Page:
The Supreme Court effectively struck down race-conscious admissions policies in higher education in a landmark ruling against Harvard Thursday. In this special edition, The Crimson examines the decision, how students and faculty are responding, and its impact on higher education and beyond.
Several Harvard faculty members said they were disappointed — though not surprised — in the hours following the Supreme Court’s Thursday decision to dramatically restrict affirmative action.
Harvard students widely condemned the Supreme Court’s decision on Thursday to sharply restrict the consideration of race in college admissions, expressing fear and sadness that the ruling is likely to reduce racial diversity at the school.
Supreme Court Associate Justices Sonia M. Sotomayor and Ketanji Brown Jackson ’92 fiercely dissented from the Supreme Court’s decision to dramatically limit the use of race in college admissions Thursday.
In Concurrences to Supreme Court Ruling, Thomas, Gorsuch, Kavanaugh Question Benefits of Affirmative Action
Concurrences in Thursday’s Supreme Court decision, which restricted affirmative action in college admissions, further challenged the legal foundations and impacts of race-conscious admissions.
“Nobody in the media has been willing to point out the fact that my research was the basis of the lawsuit now before the Supreme Court," Ron K. Unz ’83, the controversial conservative activist cited in the Students for Fair Admissions’ lawsuit against Harvard, said.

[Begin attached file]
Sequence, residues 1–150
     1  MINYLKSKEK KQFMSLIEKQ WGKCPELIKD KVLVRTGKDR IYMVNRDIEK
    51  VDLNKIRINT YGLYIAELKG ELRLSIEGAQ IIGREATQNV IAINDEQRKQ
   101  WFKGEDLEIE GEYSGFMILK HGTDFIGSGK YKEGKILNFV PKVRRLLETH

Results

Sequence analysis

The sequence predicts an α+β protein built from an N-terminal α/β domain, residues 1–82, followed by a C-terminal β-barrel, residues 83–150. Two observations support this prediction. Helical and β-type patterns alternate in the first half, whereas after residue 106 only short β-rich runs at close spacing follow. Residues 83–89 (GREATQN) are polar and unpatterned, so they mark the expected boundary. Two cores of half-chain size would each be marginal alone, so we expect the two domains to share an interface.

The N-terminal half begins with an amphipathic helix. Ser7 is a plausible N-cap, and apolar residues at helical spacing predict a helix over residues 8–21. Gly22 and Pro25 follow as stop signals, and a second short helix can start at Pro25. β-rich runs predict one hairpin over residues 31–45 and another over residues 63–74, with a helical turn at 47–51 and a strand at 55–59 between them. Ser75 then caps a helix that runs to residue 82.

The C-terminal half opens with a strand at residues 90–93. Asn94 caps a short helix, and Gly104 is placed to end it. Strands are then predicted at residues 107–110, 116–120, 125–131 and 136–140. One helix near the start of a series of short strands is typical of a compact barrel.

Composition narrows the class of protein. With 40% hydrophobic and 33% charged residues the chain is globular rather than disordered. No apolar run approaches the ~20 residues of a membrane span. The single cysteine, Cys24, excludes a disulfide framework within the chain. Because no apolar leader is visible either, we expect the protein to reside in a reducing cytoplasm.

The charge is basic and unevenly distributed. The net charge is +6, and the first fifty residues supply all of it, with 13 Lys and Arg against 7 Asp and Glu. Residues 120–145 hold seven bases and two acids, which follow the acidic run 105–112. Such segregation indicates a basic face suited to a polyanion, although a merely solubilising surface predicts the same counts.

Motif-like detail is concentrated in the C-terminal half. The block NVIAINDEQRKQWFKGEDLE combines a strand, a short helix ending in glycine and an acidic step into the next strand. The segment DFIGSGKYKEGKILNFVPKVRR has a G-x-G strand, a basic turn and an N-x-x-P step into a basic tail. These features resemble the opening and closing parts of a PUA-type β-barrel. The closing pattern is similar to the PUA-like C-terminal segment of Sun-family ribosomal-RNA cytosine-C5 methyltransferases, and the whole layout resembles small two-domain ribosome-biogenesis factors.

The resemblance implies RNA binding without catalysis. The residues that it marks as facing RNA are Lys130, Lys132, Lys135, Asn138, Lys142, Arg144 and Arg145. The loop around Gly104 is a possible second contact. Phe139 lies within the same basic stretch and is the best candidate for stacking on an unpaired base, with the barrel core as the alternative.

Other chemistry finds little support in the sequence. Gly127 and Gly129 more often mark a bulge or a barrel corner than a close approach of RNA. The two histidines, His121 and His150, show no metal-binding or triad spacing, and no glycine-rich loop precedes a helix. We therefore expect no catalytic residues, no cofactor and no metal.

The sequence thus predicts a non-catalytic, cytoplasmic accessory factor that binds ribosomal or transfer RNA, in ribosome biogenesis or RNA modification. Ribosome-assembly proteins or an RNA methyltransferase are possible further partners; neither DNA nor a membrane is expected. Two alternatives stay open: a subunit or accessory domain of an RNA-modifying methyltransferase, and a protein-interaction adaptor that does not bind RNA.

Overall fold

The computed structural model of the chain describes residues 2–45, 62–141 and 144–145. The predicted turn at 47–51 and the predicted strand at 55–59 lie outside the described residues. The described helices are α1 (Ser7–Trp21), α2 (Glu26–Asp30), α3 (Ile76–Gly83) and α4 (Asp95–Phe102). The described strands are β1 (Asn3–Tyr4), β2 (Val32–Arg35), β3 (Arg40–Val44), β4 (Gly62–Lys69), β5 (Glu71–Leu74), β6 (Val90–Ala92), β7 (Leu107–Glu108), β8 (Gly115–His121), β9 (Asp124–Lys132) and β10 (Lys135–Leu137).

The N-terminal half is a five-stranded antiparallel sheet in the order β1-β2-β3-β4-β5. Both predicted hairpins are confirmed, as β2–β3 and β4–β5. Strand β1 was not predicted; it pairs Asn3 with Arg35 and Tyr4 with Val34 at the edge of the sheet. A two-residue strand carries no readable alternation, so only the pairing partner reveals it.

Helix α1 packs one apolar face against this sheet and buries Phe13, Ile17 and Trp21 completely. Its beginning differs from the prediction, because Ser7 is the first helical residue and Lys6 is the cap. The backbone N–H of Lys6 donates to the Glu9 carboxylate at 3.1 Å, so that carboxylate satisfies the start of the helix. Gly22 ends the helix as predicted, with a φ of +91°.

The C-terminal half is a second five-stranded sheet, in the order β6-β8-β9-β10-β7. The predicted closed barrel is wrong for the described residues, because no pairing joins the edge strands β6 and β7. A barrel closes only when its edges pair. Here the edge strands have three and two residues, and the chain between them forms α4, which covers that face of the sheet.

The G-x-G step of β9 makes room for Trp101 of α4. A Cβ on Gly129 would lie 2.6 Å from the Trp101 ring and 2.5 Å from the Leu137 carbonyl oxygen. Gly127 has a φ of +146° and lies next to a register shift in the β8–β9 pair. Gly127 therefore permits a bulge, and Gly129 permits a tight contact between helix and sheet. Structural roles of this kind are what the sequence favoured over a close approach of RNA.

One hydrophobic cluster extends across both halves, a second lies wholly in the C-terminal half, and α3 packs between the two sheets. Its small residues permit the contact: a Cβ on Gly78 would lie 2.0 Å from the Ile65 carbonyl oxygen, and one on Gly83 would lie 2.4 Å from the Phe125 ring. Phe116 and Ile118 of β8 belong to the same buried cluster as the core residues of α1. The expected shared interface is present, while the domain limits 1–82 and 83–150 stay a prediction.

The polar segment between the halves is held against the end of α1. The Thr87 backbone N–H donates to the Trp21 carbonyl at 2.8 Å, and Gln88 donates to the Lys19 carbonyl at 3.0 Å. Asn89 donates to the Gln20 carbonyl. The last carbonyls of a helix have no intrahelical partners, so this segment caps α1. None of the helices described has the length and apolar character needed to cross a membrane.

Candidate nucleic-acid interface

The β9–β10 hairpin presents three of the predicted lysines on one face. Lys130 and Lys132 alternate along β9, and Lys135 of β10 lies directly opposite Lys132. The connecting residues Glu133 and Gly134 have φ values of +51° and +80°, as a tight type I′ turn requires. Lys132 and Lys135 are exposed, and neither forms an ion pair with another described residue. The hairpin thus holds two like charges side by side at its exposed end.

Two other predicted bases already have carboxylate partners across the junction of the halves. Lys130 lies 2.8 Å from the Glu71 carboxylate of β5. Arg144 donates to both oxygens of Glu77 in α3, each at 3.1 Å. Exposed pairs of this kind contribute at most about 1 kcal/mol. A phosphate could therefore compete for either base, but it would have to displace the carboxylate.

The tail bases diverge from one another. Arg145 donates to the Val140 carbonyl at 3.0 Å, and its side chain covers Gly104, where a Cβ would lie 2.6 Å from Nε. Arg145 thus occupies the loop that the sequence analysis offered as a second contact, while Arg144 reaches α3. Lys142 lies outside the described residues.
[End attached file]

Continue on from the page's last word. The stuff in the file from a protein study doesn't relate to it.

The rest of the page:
Days before Faculty of Arts and Sciences Dean Claudine Gay ascends to the Harvard presidency — as the Supreme Court appears on the verge of striking down the school’s race-conscious admissions policies — the University’s largest academic school still doesn’t know who its next leader will be.
In the coming days, the Supreme Court is expected to strike down affirmative action in higher education in a pair of cases Students for Fair Admissions filed against Harvard and the University of North Carolina.
A panel of three federal judges appeared skeptical of Harvard’s claim that Zurich American Insurance Company is responsible for covering the University’s remaining legal expenses during a hearing Wednesday.
In October 2022, nearly 50 years after his graduation from Harvard, Seth P. Waxman ’73 defended his alma mater before the Supreme Court.
As Seniors Graduate Into Post-Dobbs World, Harvard’s Class of 1973 Recalls Landmark Legalization of Abortion
On Jan. 22, 1973, the Supreme Court issued its landmark decision in Roe v. Wade, guaranteeing the right to an abortion nationwide and reversing all state laws — including in Massachusetts — that completely banned the procedure.
Harvard Law School professor Daphna Renan gave a critique of judicial supremacy — the idea that the Supreme Court is the final authority on the interpretation of the U.S. Constitution — at an event on Thursday.
William S. Consovoy, an attorney who was a prominent face for conservative causes, died on Monday evening, his law firm Consovoy McCarthy announced on Tuesday. He was 48.